If you have self-employed income in addition to your regular job, can you contribute to a SEP IRA even if you have a 401k at work? This question hit home for me a few years ago due to the income generated from this website. To get right to the point, the answer to the question is yes, as I’ll explain in a minute.
So what’s the $100,000 mistake? Based on my accountant’s advice, I mistakenly contributed far less to my SEP IRA than I could have. The mistake had to do with whether 401k contributions at work limit the amount you are entitled to contribute to a SEP IRA based on unrelated self-employed income. It was a painful lesson, as you’ll hear in the podcast. Here are the details.
Podcast of this Article
If an employee participates in his or her employer’s retirement plan, can he or she set up a SEP for self-employment income?
The IRS has answered this very question: “Yes. A SEP can be set up for a person’s business even if he or she participates in another employer’s retirement plan.” This answer comes from an IRS FAQ about SEP plans. That’s good news for bloggers, many of whom are employees with 401k plans in addition to self-employed income.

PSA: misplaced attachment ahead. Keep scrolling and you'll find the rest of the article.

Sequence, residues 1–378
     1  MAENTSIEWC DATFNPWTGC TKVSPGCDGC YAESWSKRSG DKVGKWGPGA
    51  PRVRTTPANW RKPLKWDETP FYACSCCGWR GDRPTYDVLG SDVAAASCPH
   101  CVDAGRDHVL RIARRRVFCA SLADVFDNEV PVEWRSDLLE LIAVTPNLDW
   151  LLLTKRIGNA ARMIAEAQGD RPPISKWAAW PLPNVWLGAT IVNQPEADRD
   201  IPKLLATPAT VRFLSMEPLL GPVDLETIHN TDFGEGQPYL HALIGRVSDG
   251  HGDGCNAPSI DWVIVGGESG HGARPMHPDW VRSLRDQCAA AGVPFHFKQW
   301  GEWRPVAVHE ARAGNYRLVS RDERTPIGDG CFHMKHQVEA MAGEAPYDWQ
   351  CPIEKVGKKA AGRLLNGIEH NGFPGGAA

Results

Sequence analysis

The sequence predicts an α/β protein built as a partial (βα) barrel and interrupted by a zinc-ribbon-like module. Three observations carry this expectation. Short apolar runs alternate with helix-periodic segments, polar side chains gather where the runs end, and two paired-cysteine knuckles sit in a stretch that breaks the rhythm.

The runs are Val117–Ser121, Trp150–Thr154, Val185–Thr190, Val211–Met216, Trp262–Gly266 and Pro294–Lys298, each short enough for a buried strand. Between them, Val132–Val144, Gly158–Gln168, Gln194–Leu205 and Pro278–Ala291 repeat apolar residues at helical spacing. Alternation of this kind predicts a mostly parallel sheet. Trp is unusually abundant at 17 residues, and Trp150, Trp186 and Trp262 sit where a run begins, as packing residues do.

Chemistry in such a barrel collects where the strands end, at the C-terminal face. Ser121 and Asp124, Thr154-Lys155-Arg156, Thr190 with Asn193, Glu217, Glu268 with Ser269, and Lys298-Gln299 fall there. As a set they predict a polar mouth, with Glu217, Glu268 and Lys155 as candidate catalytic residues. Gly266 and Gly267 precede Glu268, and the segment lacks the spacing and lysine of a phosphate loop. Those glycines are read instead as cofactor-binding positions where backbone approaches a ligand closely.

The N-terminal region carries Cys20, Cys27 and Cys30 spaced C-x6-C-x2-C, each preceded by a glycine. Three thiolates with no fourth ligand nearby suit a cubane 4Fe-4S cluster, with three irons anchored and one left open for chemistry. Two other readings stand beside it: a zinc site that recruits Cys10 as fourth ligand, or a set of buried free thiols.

What are the tax advantages of an SEP-IRA?
The tax advantages are similar to a 401k. You can deducted your contributions and your earnings grow tax deferred. You will be taxed on withdrawals from an SEP-IRA.
What’s the maximum contribution to an SEP?
The maximum contribution depends in part on whether the contribution is for an employee or, in the case of those self-employed, the owner. For 2014, the maximum contribution on behalf of an employee to an SEP-IRA is the lessor of $52,000 or 25% of your ‘eligible compensation.’ For the self-employed, the contribution limit in 2014 is the lesser of $52,000 or 20% of earnings, according to the IRS.
Now to the question my accountant got wrong. Let’s assume that in addition to self-employed income you also have a regular job where you contribute to a 401k. Do your 401k contributions reduce the amount you can contribute to a SEP IRA. The answer is no, assuming that the 401k and SEP IRA are with two different companies not under common control. Why? While the employee contribution limits to a 401k are per person, the employer contribution limits (including a SEP IRA for the self-employed) are per plan.
And as always, consult a tax professional (not a blog) before making any decisions.
Where to Open a SEP IRA
In 2010 I opened a SEP IRA at Scottrade. I’ve been very happy with my decision, in large part because of the low trading costs and the option of visiting a physical Scottrade branch. You can check out a full list of the best brokers for IRA retirement accounts, too.